In 1969, we landed a man on the moon, and because of that amazing achievement, children were fascinated by space and reached for the stars.

Are the stars for the children of the 21st century still within reach?

Three years after Apollo 11, Hawaii’s Patsy Mink expanded the universe for women as the co-author and driving force behind Title IX, the landmark legislation that prohibits gender-based discrimination in education.

Forty years later, women outnumber men in college by four to three, attaining advanced degrees at an even higher rate.

As a single mother who received my nursing degree when my child was four-years old, I am part of the legacy of Title IX. My daughter is now in college herself, and I am a critical care nurse and an inventor with three issued patents.

Last week, U.S. Senator Dick Durbin from my home state of Illinois and Hawaii’s Senator Mazie Hirono joined their colleagues on the Judiciary Committee to consider legislation that I am concerned will weaken the ability of women like me to build on educational opportunities and invent a better future for our daughters. If the legislation that Senators Hirono and Durbin will be asked to vote on passes, enforcing patents will be more expensive and financially risky than it already is for our country’s true “mothers of invention” — small inventors who think outside the box and are not part of big corporations. These unsung sources of American ingenuity — often women, mothers, people of color, and others without extensive resources — will be less able to secure investment for their ideas.

By limiting access to capital, innovation will be suppressed and inventors will go unrewarded. Business leaders and politicians increasingly express concerns about the need for innovation in order to support a dynamic economy. Yet true innovation comes from individuals who are passionate about an idea and are willing to fight for it against all odds. Patsy Mink herself said it best when she opposed the misleadingly titled “American Inventors Protection Act of 1999”:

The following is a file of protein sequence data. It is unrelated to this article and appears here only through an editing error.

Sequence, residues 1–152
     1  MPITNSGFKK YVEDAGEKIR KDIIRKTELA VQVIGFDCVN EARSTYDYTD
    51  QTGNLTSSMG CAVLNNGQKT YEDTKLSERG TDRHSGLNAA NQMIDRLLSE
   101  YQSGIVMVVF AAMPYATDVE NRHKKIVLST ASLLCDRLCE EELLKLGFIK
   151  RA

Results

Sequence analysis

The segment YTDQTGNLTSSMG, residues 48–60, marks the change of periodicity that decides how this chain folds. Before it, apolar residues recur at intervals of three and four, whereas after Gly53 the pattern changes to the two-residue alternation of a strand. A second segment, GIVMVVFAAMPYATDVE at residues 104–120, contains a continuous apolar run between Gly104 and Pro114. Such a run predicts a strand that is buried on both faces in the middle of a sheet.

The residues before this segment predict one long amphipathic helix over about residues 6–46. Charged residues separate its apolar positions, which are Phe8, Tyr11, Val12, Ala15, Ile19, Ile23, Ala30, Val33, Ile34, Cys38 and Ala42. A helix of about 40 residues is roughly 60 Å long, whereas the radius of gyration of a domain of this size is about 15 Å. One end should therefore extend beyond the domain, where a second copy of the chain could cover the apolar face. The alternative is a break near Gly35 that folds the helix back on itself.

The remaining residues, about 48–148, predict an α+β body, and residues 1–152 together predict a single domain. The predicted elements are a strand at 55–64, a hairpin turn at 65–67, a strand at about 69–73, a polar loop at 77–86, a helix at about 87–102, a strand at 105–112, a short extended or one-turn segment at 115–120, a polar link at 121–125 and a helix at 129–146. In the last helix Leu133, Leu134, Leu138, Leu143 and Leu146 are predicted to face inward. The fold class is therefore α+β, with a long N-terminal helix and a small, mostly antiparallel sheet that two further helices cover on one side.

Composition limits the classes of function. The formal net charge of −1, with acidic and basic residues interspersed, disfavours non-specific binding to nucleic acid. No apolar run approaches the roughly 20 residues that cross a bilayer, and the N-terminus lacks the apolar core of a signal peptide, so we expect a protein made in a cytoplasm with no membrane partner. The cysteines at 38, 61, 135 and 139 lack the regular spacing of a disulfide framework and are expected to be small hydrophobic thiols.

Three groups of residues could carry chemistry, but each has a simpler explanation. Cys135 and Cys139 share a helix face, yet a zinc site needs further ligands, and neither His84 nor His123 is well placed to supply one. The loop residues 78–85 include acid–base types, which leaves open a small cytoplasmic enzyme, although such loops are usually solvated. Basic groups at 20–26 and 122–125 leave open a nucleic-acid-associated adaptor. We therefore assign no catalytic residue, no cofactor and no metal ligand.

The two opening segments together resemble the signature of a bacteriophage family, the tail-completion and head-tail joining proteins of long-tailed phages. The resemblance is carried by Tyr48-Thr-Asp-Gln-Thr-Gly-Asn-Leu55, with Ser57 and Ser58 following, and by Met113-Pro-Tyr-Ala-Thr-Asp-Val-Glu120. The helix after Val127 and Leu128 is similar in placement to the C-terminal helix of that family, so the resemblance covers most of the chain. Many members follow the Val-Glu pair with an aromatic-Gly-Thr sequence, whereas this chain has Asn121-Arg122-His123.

“Mr. Speaker, our nation’s founders designed our society to be a land of unfettered opportunity … H.R. 1907 places at risk the right to enjoy the benefits generated by a person’s ingenuity and innovative ideas. Without this right, we strangle the incentive for people to create and develop vital products and services which could improve our daily lives and bolster our economy.”

I recently told the story of my life and the road I took to become an inventor to Hawaii author Shay Chan Hodges, which she included in her book, Lean On and Lead, Mothering and Work in the 21st Century Economy:

“In high school, I had very high SAT and ACT scores and was recognized by the National Institutes of Health as one of the top 100 science students in the nation. Between my high achievement and the fact that I am a Hispanic woman, I was offered quite a few scholarships. I ultimately had to decide between Yale and the University of Illinois, and chose Illinois because it was closer to home.

“When I started school, I was planning on getting my Ph.D in microbiology and genetics. About halfway through my second year, however, I got caught up with the wrong guy who convinced me that if I loved him, I would quit school and come home. So I gave up my scholarship, and at the age of 20, gave birth to my daughter.